It’s time for cameras in court, says silk who became a social media star when he was filmed in court

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By Katie King on

The livestream of Lord Pannick QC’s Brexit challenge performance wooed the public

Blackstone Chambers barrister Lord Pannick QC — who became somewhat of a heartthrob when his Brexit legal challenge advocacy performance was livestreamed to thousands — says there should be more cameras in court.

Writing in The Times (£) this morning, the public law specialist argued:

Broadcasting of crown court trials would make a substantial contribution to understanding of the legal process… To impose a general prohibition on broadcasting, preventing members of the public from being able to watch any part of any criminal trial from their homes, is indefensible. The criminal justice system should not continue to exclude the most popular means of mass communication. Open justice should be open to the cameras.

Pannick made his comments just days after crime docudrama The Trial: A Murder in the Family concluded on Channel 4. The TV show followed the fictitious Crown Court trial of Simon Davis. Simon was accused of murdering his estranged wife, Carla Davis, by strangulation.

The Trial’s John Ryder QC and junior barrister Lucy Organ

Though actors played Simon, Carla and some witnesses, other elements of the trial were more authentic. The trial took place in a real court, was presided over by a real judge, was advocated by real barristers, and was decided by a real jury.

In the end of the five-part series, the audience was shown Carla’s murder and — spoiler alert — Simon was responsible. However, the jury failed to reach an outcome, and Simon walked away from court an unconvicted man.

Though Pannick used The Trial to make his pro-cameras in court arguments, he didn’t seem totally sold on the show itself. He said:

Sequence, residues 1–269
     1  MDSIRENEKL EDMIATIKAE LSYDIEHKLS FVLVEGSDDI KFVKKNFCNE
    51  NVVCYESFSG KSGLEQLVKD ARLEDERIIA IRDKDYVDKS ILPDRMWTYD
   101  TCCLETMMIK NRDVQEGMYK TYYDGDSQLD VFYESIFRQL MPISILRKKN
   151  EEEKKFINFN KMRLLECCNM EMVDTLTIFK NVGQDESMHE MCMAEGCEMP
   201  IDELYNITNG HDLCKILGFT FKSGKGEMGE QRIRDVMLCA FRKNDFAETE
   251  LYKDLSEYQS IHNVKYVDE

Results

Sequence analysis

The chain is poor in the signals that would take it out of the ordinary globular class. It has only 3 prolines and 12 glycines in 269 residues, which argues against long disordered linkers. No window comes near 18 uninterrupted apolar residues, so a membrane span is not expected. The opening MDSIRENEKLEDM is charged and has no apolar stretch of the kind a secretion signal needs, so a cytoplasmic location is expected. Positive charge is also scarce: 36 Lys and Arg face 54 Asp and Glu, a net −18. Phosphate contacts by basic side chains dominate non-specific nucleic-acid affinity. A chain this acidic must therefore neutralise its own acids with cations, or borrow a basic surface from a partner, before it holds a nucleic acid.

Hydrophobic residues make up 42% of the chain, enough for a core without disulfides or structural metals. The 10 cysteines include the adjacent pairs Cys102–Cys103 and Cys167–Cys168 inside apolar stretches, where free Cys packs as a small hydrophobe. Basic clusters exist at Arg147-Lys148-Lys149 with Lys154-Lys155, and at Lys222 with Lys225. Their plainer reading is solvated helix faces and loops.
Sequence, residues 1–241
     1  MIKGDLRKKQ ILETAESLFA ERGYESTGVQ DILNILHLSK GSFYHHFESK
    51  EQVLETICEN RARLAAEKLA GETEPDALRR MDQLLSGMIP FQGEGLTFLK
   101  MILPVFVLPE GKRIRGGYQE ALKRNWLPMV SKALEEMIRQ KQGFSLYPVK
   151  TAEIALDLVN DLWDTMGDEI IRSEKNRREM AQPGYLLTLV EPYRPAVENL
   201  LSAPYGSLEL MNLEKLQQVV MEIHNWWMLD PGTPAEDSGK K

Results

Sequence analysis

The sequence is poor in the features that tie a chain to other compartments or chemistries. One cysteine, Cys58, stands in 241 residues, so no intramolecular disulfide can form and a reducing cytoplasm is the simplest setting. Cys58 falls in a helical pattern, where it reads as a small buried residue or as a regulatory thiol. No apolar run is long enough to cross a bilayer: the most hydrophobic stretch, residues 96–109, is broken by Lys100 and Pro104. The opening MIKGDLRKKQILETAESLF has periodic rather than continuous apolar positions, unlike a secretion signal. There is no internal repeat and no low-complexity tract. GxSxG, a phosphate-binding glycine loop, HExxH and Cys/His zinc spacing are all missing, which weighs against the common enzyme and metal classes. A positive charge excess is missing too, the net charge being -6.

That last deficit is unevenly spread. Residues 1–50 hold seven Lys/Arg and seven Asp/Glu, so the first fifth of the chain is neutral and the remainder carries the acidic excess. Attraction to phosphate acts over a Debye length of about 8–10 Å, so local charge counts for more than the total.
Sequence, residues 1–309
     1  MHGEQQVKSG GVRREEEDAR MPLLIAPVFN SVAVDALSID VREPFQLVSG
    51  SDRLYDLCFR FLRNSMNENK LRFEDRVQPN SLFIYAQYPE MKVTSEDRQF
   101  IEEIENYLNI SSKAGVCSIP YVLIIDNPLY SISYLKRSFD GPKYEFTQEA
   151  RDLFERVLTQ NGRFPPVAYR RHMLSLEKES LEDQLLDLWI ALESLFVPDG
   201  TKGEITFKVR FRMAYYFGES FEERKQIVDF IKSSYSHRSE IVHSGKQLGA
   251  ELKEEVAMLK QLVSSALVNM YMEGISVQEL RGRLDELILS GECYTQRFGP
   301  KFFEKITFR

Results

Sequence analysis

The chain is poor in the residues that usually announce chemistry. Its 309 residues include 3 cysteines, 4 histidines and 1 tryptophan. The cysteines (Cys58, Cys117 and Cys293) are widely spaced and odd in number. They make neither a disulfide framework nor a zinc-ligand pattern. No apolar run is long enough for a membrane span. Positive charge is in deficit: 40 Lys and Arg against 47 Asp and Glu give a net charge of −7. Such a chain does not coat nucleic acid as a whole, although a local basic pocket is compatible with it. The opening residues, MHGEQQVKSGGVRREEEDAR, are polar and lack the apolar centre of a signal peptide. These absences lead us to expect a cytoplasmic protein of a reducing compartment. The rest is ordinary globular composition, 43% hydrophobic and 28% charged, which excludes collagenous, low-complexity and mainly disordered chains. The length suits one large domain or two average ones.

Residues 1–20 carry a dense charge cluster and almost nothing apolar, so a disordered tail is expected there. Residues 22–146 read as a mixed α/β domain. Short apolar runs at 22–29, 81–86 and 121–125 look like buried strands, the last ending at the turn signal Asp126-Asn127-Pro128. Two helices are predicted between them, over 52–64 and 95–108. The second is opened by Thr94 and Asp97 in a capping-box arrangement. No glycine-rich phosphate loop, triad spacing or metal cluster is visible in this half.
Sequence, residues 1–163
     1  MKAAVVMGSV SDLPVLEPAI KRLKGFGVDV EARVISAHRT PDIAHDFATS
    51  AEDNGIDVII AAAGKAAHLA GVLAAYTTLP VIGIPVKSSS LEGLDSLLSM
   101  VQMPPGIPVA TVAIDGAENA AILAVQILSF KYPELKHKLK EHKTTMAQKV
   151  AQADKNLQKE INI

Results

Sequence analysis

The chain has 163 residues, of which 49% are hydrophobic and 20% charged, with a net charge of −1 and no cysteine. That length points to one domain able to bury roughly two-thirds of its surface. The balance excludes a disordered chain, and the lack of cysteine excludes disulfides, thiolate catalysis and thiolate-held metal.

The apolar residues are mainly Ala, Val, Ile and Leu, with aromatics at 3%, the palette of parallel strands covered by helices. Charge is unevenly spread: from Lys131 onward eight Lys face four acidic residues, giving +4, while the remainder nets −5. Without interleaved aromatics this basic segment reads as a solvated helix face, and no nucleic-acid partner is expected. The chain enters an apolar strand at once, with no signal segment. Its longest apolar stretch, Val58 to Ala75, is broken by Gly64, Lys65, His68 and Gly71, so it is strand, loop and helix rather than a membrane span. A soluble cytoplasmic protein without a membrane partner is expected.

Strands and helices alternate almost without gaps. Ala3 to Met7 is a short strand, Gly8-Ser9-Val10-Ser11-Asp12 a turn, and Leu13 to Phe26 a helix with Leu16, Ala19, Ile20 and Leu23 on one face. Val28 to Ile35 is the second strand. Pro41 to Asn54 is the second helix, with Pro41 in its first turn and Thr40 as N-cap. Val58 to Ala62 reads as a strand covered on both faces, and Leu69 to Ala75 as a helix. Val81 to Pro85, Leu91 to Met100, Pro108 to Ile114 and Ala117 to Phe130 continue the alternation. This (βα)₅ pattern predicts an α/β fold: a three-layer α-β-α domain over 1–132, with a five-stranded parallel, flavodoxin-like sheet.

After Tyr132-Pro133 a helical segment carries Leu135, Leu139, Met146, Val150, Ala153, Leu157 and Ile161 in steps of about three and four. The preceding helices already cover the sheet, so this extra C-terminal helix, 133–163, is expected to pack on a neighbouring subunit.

Unlike a typical day in crown courts around the country, witnesses and jurors all turned up on time. It was, I think, a mistake for Channel 4 to show us at the end what happened in the moments leading up to Carla Davis’s death. A real criminal trial rarely ends with such closure.

Whatever Pannick’s thoughts on the show, we wonder if his desire for reform stems from his own on-screen experience.

Arguably the most important case of 2016 was that of Gina Miller — a fund manager who took the government to court over its Brexit strategy, and won. Unlike in the lower level courts, Supreme Court proceedings are filmed and livestreamed, meaning thousands of people were able to tune in and out of the hearing at their leisure.

Leading Miller to victory was her lead counsel Pannick, who became an unlikely Twitter star when his constitutional law advocacy skills were broadcasted to the world.

Seemingly wooed by Pannick’s performance, UCL academic Richard Moorhead even decided to base an entire legally-themed clothing range on the Blackstone boffin (pictured below).


More cameras in court, more Pannick stardom?

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